October 2015


By David Feela

It wasn’t my fault, but that didn’t help. A car coming from the other direction pulled to the shoulder a short distance beyond the scene. The driver must have witnessed what happened, was probably as surprised as me, but she wasn’t getting out of her vehicle and neither was I. Who has the time to certify in first-aid training when it comes to resuscitating a 300-pound brown bear?

I should start at the beginning, though it happened so quickly I hardly remember if there was a beginning. My pickup was traveling about 50 mph along the gentle curves that Colorado Highway 62 carves out of the mountains on its way up toward the Dallas Divide. The highway on the Placerville side of the summit is a two-laner, with towering rock walls to my left and a steep descending embankment to my right. A creek rushes through the crease, well below the highway, but much of it is obscured by the lush mountain flora.

The blur that crested the embankment and into my path was hardly recognizable at the moment of its appearance. I tugged the steering wheel toward the center line to avoid it, but the car coming from the other direction narrowed my options. The brown bear, charging up the embankment like a fur-encrusted meteor, struck my truck on the passenger side, just behind my headlight. Thump. Another thump against the passenger door panel. Then it was over. That quickly. Less than a thought. Barely a paragraph.

The number of animals we dispatch on our highways must be phenomenal. By one estimate, a million lives a day, including birds, mice, squirrels, snakes, rabbits, prairie dogs, gophers, skunks, raccoons, turtles, frogs, cats, and dogs. We call them roadkill, not fatalities. The bigger ones, however, like deer, elk, and bear, make us sit up and pay attention.

My bear remained motionless, dead still I thought, until I watched her head rise from the road surface and twist, a bit like a periscope, looking around. She then made a valiant attempt to stand, rose on all fours until a front leg buckled and she collapsed again into a heap. She moved as if she’d been drinking, weaving and wobbling, a 50 mph highball altering her brain.

A few inert seconds passed that seemed to take full minutes before she made another attempt to stand. I’m watching like a gawker at this scene of misfortune. I’m thrilled she’s moving; I’m horrified to watch her struggle. I want to get out of the truck and help; I don’t want to get out of the truck and help. I’m a wreck, literally and figuratively. Then she puts all her bear-like prerogatives into their proper perspectives, stands, twists, and before I can say Holy Bear Shit! she lunges off the road, back down the embankment from which she first came.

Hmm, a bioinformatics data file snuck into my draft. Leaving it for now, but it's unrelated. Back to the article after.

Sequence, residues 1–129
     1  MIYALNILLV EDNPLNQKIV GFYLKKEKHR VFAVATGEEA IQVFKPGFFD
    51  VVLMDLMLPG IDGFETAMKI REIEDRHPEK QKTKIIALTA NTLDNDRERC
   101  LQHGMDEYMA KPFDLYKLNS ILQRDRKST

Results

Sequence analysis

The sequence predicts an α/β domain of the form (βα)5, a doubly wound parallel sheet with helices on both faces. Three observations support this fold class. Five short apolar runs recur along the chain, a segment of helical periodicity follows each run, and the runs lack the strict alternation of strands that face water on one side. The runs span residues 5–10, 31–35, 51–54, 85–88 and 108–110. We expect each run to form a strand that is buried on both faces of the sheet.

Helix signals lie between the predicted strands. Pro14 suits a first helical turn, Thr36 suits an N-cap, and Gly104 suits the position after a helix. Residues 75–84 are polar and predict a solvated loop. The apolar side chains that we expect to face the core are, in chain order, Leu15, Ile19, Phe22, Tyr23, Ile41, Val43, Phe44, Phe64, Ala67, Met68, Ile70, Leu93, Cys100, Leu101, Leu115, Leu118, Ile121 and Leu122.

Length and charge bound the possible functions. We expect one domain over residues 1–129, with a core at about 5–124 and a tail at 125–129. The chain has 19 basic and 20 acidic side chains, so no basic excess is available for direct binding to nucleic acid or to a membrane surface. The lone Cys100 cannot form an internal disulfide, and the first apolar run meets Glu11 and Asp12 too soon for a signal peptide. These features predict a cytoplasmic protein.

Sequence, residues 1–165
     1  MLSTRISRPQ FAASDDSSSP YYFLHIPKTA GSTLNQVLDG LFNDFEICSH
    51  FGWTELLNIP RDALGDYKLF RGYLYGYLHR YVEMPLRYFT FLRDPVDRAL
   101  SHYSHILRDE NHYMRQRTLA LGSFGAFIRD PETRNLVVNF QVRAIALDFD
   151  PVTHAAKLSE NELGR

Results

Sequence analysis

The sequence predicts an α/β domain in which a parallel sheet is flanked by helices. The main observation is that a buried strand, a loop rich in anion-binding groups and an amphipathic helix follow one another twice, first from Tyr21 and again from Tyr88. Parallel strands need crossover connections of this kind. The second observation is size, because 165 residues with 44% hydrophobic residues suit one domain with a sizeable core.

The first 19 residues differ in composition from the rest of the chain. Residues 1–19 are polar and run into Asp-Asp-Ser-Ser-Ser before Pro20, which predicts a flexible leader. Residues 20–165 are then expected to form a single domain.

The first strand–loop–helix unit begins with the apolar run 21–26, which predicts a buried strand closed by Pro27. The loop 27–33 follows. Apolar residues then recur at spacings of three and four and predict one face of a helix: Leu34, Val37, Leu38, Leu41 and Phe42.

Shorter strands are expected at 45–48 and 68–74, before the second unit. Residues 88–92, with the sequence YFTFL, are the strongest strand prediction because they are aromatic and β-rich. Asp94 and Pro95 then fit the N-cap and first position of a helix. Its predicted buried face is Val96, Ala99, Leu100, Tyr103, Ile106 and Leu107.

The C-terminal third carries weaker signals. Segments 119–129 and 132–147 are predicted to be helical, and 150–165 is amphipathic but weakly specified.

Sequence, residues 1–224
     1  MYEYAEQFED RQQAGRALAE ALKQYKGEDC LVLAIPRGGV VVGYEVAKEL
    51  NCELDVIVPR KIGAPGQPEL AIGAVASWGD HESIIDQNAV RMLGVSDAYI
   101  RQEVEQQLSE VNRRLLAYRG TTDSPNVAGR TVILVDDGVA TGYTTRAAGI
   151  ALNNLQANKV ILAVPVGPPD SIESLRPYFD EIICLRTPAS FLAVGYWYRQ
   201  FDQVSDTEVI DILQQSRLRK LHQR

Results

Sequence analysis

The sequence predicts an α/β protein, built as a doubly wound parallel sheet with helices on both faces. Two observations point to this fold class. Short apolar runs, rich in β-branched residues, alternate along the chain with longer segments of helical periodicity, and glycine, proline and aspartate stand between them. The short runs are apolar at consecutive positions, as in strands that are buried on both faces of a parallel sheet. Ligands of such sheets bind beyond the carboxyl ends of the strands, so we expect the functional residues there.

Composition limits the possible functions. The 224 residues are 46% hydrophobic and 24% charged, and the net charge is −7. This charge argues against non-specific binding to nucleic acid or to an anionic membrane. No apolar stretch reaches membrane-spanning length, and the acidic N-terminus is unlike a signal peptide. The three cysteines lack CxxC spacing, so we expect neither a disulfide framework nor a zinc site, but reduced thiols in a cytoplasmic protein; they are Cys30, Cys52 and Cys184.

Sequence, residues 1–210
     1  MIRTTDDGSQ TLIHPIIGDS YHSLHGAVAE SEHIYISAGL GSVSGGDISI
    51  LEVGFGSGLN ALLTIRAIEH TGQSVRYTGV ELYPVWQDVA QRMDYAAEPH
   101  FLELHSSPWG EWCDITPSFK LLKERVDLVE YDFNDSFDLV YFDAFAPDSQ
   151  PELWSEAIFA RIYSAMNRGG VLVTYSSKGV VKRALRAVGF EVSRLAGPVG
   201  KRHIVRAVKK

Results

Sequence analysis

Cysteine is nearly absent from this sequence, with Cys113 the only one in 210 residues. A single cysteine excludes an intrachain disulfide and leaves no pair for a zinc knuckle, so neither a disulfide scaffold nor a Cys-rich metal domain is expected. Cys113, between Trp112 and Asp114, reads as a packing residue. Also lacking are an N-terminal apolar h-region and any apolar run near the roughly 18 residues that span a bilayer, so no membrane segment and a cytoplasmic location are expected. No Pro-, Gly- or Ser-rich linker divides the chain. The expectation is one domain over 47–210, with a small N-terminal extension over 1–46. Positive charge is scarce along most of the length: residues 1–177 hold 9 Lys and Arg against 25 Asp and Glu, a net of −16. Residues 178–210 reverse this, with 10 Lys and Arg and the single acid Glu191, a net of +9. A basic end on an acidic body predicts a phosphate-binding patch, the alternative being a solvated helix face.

She survived! I still can’t believe it. What a rugged piece of fur and flesh. I climbed out of the truck and cautiously approached the shoulder, peered into the natural abyss at the side of the road. No sign of a bear, just the sound of a rushing creek. I shouted, “Sorry!” but I had the feeling forgiveness is just a human sentiment, an indulgence we rely on for the assurance of salvation.

The car that had pulled over to observe my drama started its engine and drove away. There was no blood on the pavement. I turned back to my truck to inspect the damage, to see if I could leave the scene. In addition to the crumpled panels, a chunk of plastic near the headlight had been sprung like a flag. I knew the wind would tear it loose, so I found a roll of black electrical tape in my tool bag and fastened it. The tire had plenty of room to roam inside its wheel well. I could drive, and with a Wallflowers CD playing I could make it home with one headlight.

The next day I took the truck to a body shop for an estimate. The manager concluded it would cost over $4,000, and it would take eight to ten days to make the repairs. I’d chosen to drive with a $500 deductible. Ah, I thought, when it comes to suffering, we make ourselves into the best victims.

I do wish the bear a long life, but if she woke in the morning with throbbing headache I wouldn’t be surprised.

David Feela, an award-winning poet, essayist, and author, writes from Montezuma County, Colo. See his works at http://feelasophy.weebly.com/.